Lacklustre debut for online learning marketplace Udemy
Online learning platform Udemy made a disappointing showing in its trading debut on Nasdaq on Friday…
Online learning platform Udemy made a disappointing showing in its trading debut on Nasdaq on Friday after raising $421m (£308m) on its initial public offering (IPO) on Thursday. Shares that had sold for $29 in the IPO opened Friday at $27 and skidded down to a low of $26.01 mid-day before rallying to close at $27.50.
It was a subdued foray into the stock market for the San Francisco, California company that saw an explosion in demand for its services in recent years, a trend that’s been fuelled by people seeking virtual activities to keep their minds occupied while they waited out pandemic lockdowns.
From 2019 to 2020, Udemy’s revenue grew by 55.6% to $429.9m, but the company incurred net losses of $77.6m in 2020, up from a $69.7m loss in 2019. In the first six months of 2021, Udemy experienced net losses of $29.4m.
Bell tolled for Udemy
Friday started out as an exciting milestone in Udemy’s history when CEO Gregg Coccari and co-founder Eren Bali rang the opening bell at the Nasdaq MarketSite in New York City’s Times Square to mark the occasion. Bali didn’t make a speech, but Coccari recounted the genesis of the company. The seeds were planted when Bali, who grew up in central Turkey, yearned for more advanced learning opportunities.
“His parents, both of them were schoolteachers in a one-room schoolhouse, and Eren quickly got frustrated because he was a brilliant student – he was good at math, he was good at chess – but he really outgrew the resources available to him,” Coccari said at the event.
Founder inspired by used computer, internet access
That frustration was alleviated when his parents purchased a used computer and set up internet access. Bali promptly went online to search for challenging math problems, but they were more difficult than anything he had ever experienced. He soon found online communities and professional mathematicians to help him work his way through the problems, and an entrepreneurial idea was born.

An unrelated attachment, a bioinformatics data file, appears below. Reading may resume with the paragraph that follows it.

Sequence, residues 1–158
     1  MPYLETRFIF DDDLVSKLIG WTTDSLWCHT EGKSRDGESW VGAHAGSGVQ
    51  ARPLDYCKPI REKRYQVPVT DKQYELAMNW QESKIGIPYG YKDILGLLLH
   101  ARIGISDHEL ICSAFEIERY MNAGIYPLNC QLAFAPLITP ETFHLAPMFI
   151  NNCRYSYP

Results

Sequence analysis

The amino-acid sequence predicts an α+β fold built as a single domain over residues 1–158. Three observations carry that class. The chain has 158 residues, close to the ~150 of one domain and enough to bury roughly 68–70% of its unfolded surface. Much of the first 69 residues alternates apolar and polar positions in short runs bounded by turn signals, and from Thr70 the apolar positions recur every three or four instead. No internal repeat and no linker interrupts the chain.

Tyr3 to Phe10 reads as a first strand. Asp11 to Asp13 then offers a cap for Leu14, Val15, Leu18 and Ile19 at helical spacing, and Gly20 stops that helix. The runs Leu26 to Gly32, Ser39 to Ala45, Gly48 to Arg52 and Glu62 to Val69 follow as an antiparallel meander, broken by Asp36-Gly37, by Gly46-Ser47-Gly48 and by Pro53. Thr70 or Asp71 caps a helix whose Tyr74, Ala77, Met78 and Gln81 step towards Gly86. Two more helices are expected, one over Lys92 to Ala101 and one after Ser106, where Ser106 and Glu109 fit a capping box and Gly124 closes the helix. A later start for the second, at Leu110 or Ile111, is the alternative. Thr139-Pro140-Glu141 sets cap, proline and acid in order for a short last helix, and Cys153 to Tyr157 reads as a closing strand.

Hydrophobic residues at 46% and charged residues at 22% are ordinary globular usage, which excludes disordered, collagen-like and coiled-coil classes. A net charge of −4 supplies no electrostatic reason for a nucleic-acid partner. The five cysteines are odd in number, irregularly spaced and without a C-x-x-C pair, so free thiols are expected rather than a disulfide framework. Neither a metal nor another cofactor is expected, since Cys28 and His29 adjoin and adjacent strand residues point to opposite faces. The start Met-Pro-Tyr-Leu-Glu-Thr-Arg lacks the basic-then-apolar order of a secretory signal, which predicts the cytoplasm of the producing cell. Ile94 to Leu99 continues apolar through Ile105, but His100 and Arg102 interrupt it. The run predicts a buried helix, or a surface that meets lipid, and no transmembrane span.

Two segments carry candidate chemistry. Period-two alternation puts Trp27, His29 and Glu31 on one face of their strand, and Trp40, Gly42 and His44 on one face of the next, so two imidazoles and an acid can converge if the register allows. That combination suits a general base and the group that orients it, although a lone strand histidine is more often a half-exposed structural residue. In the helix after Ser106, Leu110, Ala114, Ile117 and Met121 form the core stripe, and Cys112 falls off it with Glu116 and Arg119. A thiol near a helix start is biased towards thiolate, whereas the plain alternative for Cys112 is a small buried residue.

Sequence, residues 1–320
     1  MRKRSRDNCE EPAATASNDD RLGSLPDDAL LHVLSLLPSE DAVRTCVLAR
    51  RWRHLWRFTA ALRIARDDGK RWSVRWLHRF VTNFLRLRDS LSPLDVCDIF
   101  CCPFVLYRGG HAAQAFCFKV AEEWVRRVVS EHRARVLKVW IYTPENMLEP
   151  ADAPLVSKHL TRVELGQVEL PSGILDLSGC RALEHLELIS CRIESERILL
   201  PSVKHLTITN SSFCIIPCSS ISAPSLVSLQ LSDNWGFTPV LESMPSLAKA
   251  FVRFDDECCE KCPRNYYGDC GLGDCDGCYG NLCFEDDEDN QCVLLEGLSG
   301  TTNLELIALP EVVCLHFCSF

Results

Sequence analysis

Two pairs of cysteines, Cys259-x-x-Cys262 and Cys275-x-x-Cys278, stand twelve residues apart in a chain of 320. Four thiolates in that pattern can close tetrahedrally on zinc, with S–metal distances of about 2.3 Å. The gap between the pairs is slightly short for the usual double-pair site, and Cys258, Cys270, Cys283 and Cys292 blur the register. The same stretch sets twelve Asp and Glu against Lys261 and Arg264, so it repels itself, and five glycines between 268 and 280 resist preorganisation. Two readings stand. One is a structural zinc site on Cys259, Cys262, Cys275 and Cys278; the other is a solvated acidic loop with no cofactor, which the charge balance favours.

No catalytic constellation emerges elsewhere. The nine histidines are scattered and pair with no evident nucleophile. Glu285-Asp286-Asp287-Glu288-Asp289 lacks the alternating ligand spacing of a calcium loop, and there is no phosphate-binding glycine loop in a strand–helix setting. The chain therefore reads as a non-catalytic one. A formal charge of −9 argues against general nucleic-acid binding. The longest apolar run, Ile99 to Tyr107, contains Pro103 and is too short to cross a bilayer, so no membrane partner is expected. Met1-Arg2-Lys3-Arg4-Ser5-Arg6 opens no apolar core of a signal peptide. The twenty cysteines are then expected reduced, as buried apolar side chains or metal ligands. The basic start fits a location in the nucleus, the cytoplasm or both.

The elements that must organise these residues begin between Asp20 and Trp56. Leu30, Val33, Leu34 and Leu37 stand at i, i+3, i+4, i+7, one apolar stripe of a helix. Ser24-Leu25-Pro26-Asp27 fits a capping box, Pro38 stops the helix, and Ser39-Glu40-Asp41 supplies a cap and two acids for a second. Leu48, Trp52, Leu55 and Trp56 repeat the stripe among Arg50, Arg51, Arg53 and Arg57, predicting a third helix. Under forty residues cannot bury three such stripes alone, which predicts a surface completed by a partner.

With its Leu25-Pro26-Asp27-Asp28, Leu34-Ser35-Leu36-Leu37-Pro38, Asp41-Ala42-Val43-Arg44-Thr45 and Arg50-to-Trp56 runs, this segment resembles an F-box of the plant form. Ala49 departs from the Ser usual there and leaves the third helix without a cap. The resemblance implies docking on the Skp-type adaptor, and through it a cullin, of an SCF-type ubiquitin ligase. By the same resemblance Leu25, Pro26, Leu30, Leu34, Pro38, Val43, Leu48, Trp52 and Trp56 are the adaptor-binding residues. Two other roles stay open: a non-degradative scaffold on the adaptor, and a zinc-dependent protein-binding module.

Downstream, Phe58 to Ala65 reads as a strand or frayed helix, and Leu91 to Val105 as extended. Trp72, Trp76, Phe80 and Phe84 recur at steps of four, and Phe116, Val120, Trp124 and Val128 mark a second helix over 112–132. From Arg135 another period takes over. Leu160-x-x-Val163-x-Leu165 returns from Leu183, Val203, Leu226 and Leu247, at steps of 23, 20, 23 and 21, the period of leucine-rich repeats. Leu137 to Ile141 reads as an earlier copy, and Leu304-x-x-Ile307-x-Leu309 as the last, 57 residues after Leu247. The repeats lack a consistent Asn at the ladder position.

“Online learning profoundly changed his life,” Coccari told the crowd gathered at Nasdaq. “And that’s when he started forming his vision of wanting to open up access to knowledge to everybody.”
Bali moved to the USA in 2010 with two friends and founded Udemy. He launched the first course in 2011, and the company had “more than a million learners within a couple of years. It just took off from there,” Coccari said.
Courses in 75 languages
Udemy maintains a catalogue of courses that have been taken by 44 million customers. The company serves both businesses and individuals. The global marketplace offers 183,000 classes taught by 65,000 instructors in 75 languages.
Customers can study various business topics such as software, web development, graphic design, project management and public speaking. They can also veer into more personal topics such as meditation, parenting, speed reading and conflict and anger management. There are even courses exploring love and relationships.
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